BART directors vow improved safety in wake of homicides
The fatal stabbing of 18-year-old Nia Wilson and two other homicides in BART stations last July became key campaign issues during the BART board of directors elections this month.
“Where BART clearly failed over the summer is communicating to the public about serious and even fatal incidents that happen at their station,” said Janice Li, San Francisco bicycle activist and newly-elected director. “BART must value transparency and be responsive to the public’s concerns.”
Bay Area voters elected three new BART directors and re-elected one incumbent on Nov. 6 in the midst of increasing criticism over safety and reliability on BART’s troubled transit system.
BART director elections took place in San Francisco, Oakland, southern Alameda County and eastern Contra Costa County for four of the nine BART board seats.
Each BART board director serves a four-year term shaping policy for the agency and represents approximately 374,000 residents in each district.
Li beat Eva Chao by 31 percent for BART District 8 according to Ballotpedia. She said her top three priorities in office are safety, fiscal responsibility and affordability.
Foley said improving rider safety, accountability and fixing the Antioch-Pittsburg eBART system would be his first steps as director for BART District 2.
“I want to make sure people can feel safe and comfortable riding the system again,” Foley told the Xpress. “Right now, I think the criminals feel most safe on BART.”
“We aren’t allocating resources where they are needed. You’re starting to see the system fall apart. It’s too slow,” Ames told the Xpress. “We need to focus on the rider’s experience.”
Ames and Foley would like to see more police at BART stations and trains, but Li was reluctant to support increased policing.
“When armed BART officers continue shooting and killing young men of color, including Sahleem Tindle this past January, I do not feel comfortable with increasing BART police presence until there is a comprehensive reform plan in place,” Li said.
BART hired 27 police officers in the past year and a half to fill vacancies according to a BART press release in July.
Ames, Foley and Li said they would like to make BART stations more secure by reducing fare evasion. BART estimates it loses $15 million to $25 million in revenue due to fare evaders.
BART started a controversial proof-of-payment program in January where fare enforcement teams cited fare evaders on trains and stations.
During a BART safety meeting in Pittsburg on Sept. 27, BART officials revealed African-American riders received a disproportionate number of citations for fare evasion.
“I have concerns about the fare evasion program just from a profiling standpoint,” Foley said. “I know they enter a train and sweep the entire train to check, but it was disturbing to see the report that showed a higher amount of individuals who were ticketed were African-American.”
Li and Ames shared Foley’s concerns about fare enforcement.
“I don’t agree with the fare enforcement program, and when reports reveal that black folks receive half of fare enforcement tickets, something’s not right,” Li said.
Li said she would like to see more resources directed to the homeless by creating social worker teams modeled after a San Francisco Public Library outreach program.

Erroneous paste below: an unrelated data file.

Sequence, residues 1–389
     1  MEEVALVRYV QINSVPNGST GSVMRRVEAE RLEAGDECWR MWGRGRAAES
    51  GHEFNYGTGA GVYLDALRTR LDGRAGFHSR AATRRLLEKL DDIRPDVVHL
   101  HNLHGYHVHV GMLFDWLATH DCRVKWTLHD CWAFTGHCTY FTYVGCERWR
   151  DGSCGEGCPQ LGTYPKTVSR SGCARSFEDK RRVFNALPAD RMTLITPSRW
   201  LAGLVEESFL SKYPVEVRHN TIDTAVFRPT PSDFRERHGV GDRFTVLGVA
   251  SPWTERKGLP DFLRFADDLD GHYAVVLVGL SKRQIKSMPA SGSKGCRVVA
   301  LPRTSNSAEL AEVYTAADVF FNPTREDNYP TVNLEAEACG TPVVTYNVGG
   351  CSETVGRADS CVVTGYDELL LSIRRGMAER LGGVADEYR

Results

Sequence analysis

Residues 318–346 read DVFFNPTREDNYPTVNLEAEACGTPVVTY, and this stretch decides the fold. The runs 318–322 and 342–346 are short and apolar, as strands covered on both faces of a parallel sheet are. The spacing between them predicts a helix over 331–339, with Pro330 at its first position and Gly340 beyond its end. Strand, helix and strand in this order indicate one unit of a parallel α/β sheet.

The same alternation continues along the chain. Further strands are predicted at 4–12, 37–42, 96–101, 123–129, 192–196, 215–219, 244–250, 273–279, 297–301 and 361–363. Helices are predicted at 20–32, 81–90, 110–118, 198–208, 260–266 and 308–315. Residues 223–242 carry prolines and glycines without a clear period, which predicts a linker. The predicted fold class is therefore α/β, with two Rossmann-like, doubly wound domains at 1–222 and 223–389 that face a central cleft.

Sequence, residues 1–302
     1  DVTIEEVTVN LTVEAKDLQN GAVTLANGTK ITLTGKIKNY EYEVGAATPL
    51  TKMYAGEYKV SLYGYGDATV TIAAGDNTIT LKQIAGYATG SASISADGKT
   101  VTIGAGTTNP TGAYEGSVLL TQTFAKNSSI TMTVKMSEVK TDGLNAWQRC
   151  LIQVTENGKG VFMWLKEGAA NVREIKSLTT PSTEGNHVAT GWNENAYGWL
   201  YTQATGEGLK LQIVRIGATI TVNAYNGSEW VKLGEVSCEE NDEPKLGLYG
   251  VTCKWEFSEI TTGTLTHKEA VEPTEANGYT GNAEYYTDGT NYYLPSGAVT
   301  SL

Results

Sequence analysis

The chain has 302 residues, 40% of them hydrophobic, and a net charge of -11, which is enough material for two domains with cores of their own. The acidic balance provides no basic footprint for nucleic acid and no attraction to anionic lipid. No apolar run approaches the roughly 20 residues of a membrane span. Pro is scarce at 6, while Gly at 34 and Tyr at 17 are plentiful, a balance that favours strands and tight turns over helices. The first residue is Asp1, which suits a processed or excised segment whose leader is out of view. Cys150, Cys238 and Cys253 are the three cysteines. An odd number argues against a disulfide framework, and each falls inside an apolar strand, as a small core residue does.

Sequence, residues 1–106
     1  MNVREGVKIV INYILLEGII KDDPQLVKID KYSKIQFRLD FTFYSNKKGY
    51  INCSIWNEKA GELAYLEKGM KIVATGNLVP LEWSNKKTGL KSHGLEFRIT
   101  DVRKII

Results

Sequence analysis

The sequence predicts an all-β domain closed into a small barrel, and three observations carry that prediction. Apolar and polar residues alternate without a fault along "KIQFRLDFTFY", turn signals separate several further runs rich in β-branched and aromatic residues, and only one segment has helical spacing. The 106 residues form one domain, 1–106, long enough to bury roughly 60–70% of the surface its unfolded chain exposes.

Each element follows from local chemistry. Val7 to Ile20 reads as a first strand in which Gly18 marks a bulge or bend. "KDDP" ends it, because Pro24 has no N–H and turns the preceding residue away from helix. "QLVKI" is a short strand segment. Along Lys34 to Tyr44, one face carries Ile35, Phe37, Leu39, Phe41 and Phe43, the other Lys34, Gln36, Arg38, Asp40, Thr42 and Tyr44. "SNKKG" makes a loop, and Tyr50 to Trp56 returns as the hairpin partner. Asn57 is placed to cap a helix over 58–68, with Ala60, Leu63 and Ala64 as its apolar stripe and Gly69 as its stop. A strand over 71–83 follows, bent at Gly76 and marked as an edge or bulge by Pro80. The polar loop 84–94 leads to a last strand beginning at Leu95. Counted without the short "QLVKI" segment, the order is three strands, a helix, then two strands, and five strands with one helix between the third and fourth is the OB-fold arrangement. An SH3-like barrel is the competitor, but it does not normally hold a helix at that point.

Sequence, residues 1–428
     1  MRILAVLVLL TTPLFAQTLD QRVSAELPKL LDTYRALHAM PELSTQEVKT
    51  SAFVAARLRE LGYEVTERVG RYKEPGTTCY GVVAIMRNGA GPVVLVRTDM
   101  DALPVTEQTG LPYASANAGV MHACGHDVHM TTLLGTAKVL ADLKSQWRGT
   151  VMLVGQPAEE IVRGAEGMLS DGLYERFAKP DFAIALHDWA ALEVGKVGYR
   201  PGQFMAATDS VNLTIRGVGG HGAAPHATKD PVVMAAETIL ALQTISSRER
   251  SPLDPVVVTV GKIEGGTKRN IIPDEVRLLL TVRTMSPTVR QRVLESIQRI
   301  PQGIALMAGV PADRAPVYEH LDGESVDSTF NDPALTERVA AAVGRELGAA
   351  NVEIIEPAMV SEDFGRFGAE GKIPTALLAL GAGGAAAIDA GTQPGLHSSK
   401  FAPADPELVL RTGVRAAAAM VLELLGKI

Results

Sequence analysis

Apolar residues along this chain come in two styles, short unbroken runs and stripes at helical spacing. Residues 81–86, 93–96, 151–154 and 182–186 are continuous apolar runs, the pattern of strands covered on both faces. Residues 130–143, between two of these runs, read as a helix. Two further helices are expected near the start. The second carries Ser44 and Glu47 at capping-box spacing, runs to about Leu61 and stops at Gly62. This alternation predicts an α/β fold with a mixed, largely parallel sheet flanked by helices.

According to the American Library Association, SF Public Library has a full-time social worker and psychiatrist who help the homeless find shelter, showers and hot meals.
Ames said BART must concentrate on transportation first before taking on any other responsibilities.
“We’re not a social service group, we have to focus on transit,” Ames said. “The homeless people need help, but this is not something BART can handle.”
BART brought new trains into service this year, but Foley said BART isn’t replacing its aging system with the “Fleet of the Future” fast enough.
“I’m disappointed that the ‘Fleet of the Future’ is still the fleet of the future. I wish it were here right now,” Foley said.
BART currently has 45 new cars in service, but only 30 of them have been approved to carry passengers.
The new trains contain more technology than the 669 older cars in service but software delays and training requirements delayed their production, according to BART spokesperson Chris Filippi.
“The first 10 pilot cars were far from a finished product. BART and the manufacturer have worked diligently to ensure our new fleet is as safe and reliable as we can possibly make them,” Filippi said.
Ames and Foley were skeptical of BART plans to create a second Transbay Tube into San Francisco.
“If we’re in a situation where we don’t have enough trains, adding another tube won’t answer that,” Foley said. “It looks good on paper, but I think we need to understand if the system can handle that extra capacity.”
Ames said Bay Area cities should create more job opportunities closer to home rather than downtown San Francisco.
“People will travel a long distance for a good paying job,” Ames said. “It’s always a mosh pit once you get to Oakland because everyone gets off on Embarcadero since that’s where all the jobs are.”
Li said BART expansions come at the cost of sacrificing urgent maintenance needs.
“We need new power substations. We need new tracks. We need elevator and escalator replacement,” Li said. “And when those projects aren’t delivered, BART riders are the ones who lose out.”